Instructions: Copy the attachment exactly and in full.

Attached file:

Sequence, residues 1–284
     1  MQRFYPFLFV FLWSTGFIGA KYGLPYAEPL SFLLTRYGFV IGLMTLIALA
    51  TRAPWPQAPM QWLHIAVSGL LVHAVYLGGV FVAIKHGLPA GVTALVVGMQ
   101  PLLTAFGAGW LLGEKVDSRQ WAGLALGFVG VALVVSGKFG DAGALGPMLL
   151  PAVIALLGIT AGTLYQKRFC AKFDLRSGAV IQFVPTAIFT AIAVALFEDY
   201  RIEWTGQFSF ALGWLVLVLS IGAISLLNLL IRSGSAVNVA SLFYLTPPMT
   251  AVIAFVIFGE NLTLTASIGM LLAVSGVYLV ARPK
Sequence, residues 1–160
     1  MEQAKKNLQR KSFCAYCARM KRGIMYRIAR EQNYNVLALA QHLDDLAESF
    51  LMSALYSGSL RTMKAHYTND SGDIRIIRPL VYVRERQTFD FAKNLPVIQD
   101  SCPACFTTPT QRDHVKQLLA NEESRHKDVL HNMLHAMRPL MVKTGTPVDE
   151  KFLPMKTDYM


Sequence, residues 1–284
     1  MQRFYPFLFV FLWSTGFIGA KYGLPYAEPL SFLLTRYGFV IGLMTLIALA
    51  TRAPWPQAPM QWLHIAVSGL LVHAVYLGGV FVAIKHGLPA GVTALVVGMQ
   101  PLLTAFGAGW LLGEKVDSRQ WAGLALGFVG VALVVSGKFG DAGALGPMLL
   151  PAVIALLGIT AGTLYQKRFC AKFDLRSGAV IQFVPTAIFT AIAVALFEDY
   201  RIEWTGQFSF ALGWLVLVLS IGAISLLNLL IRSGSAVNVA SLFYLTPPMT
   251  AVIAFVIFGE NLTLTASIGM LLAVSGVYLV ARPK
Sequence, residues 1–160
     1  MEQAKKNLQR KSFCAYCARM KRGIMYRIAR EQNYNVLALA QHLDDLAESF
    51  LMSALYSGSL RTMKAHYTND SGDIRIIRPL VYVRERQTFD FAKNLPVIQD
   101  SCPACFTTPT QRDHVKQLLA NEESRHKDVL HNMLHAMRPL MVKTGTPVDE
   151  KFLPMKTDYM